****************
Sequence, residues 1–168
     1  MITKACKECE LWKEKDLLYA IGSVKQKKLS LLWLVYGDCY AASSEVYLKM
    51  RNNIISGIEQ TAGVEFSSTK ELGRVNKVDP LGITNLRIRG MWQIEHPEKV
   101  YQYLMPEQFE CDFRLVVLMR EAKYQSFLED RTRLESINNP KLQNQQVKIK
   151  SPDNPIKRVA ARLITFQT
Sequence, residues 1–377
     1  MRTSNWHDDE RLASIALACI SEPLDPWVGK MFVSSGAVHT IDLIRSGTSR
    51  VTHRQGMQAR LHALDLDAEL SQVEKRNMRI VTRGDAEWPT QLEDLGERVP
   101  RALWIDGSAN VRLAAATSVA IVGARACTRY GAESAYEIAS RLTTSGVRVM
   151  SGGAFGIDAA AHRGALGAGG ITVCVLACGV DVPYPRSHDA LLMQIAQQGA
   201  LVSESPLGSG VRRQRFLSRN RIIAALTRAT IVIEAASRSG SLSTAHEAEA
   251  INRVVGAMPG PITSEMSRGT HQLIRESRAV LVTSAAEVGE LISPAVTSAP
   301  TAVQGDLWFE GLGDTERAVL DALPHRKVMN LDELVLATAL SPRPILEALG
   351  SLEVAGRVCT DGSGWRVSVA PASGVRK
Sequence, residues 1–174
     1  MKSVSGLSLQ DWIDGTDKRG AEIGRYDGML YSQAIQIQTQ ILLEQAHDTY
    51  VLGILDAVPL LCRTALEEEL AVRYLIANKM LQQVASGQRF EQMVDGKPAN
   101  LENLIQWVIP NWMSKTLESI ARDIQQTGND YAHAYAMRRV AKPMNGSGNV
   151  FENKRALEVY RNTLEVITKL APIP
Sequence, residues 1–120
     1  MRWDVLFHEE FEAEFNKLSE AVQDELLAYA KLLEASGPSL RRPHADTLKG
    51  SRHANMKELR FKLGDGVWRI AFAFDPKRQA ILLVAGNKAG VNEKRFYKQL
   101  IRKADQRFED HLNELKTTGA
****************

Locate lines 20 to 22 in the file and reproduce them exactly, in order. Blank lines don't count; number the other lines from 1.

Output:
Sequence, residues 1–120
     1  MRWDVLFHEE FEAEFNKLSE AVQDELLAYA KLLEASGPSL RRPHADTLKG
    51  SRHANMKELR FKLGDGVWRI AFAFDPKRQA ILLVAGNKAG VNEKRFYKQL